A lower price comes with cost-cutting and compromises are due. The P20 Lite is indeed quite a slimmed-down version of the flagship models but it perfectly fits the mid-range segment.
The build quality hasn’t suffered as the body still incorporates premium materials like aluminum for the frame but the jury is still out on whether the back is made of plastic or glass. It definitely feels solid in the hand, nonetheless.
Unfortunately, the edges where the front and back panels meet the aluminum frame form slightly sharp lines that make it a bit uncomfortable to hold, especially when you try to reach the other side of the screen with your thumb.
Luckily, the 3.5 mm audio jack is still here, which is a feature the standard P20 and P20 Pro don’t have. And while we are on the subject of missing features, the P20 Lite surprises with microSD card support while the more expensive phones lack this as well. They compensate, of course, with 128GB internal storage.
As far as the screen is concerned, the P20 Lite sports a 5.84-inch standard IPS LCD panel with a notch, which is housing the front snapper and earpiece – similarly to the P20. So if AMOLED is your thing, the P20 Pro is the only version from the P20 family that has it.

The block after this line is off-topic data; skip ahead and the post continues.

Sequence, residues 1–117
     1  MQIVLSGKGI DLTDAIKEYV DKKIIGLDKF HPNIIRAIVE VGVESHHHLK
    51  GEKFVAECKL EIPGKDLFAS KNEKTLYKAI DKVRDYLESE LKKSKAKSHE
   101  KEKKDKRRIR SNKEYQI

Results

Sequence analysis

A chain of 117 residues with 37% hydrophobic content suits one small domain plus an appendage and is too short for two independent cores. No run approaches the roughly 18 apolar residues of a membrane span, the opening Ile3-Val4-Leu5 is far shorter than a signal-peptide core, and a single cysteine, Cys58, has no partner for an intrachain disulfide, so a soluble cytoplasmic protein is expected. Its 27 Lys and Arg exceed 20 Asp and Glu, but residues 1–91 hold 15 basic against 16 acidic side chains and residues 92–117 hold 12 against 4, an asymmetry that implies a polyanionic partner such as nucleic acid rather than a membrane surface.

With a resolution of 1080 x 2280px, the screen sharpness isn’t an issue and in fact, has a tad higher pixel density than its more powerful siblings.
The camera setup and the chipset have suffered the most from the price cut. While the P20 and P20 Pro boast Huawei’s top-tier HiSilicon Kirin 970 SoCs, the P20 Lite settles for the mid-range Kirin 659, which is a last year’s release. This means that it goes against Qualcomm’s Snapdragon 630 found in the Motorola Moto G6 Plus, for example, but loses the race when it comes to efficiency and overall processing and graphics power. Still, in regular day to day usage, it should be fine.
And as for the camera setup, it uses a 16MP sensor on the back with f/2.2 aperture coupled with the secondary 2MP camera, which is used for depth information. The camera is only capable of recording 1080p@30fps videos. Obviously, there is nothing fancy like Leica optics or optical zoom available here, unlike the flagships.
Lastly, the front camera has a 16MP sensor with f/2.0 aperture (yes, a wider opening than the main one) but still delivers 1080p video recording.
The battery on this thing is rated at 3,000 mAh and it’s the smallest of the bunch. We hope it will deliver decent runtimes despite the small capacity. We will also know for sure how the device performs in real-life usage in our upcoming full review.